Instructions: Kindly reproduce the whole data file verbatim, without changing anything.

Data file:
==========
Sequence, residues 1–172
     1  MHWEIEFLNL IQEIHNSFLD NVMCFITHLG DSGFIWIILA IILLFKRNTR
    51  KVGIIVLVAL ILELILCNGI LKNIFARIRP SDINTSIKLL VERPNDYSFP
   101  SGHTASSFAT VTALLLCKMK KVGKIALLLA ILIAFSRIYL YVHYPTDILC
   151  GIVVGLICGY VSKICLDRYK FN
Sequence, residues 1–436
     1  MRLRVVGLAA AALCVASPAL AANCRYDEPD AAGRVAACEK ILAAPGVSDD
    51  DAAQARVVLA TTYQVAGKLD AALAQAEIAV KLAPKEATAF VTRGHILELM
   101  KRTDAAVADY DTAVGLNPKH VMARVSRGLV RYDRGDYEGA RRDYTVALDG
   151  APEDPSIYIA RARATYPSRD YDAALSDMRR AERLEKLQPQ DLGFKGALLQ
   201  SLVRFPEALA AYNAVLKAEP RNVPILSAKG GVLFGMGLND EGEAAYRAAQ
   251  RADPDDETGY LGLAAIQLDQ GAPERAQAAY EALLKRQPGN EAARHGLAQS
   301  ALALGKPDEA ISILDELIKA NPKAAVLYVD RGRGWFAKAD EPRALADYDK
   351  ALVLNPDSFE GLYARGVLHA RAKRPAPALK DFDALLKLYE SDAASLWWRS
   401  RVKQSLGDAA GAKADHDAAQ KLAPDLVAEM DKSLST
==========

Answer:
Sequence, residues 1–172
     1  MHWEIEFLNL IQEIHNSFLD NVMCFITHLG DSGFIWIILA IILLFKRNTR
    51  KVGIIVLVAL ILELILCNGI LKNIFARIRP SDINTSIKLL VERPNDYSFP
   101  SGHTASSFAT VTALLLCKMK KVGKIALLLA ILIAFSRIYL YVHYPTDILC
   151  GIVVGLICGY VSKICLDRYK FN
Sequence, residues 1–436
     1  MRLRVVGLAA AALCVASPAL AANCRYDEPD AAGRVAACEK ILAAPGVSDD
    51  DAAQARVVLA TTYQVAGKLD AALAQAEIAV KLAPKEATAF VTRGHILELM
   101  KRTDAAVADY DTAVGLNPKH VMARVSRGLV RYDRGDYEGA RRDYTVALDG
   151  APEDPSIYIA RARATYPSRD YDAALSDMRR AERLEKLQPQ DLGFKGALLQ
   201  SLVRFPEALA AYNAVLKAEP RNVPILSAKG GVLFGMGLND EGEAAYRAAQ
   251  RADPDDETGY LGLAAIQLDQ GAPERAQAAY EALLKRQPGN EAARHGLAQS
   301  ALALGKPDEA ISILDELIKA NPKAAVLYVD RGRGWFAKAD EPRALADYDK
   351  ALVLNPDSFE GLYARGVLHA RAKRPAPALK DFDALLKLYE SDAASLWWRS
   401  RVKQSLGDAA GAKADHDAAQ KLAPDLVAEM DKSLST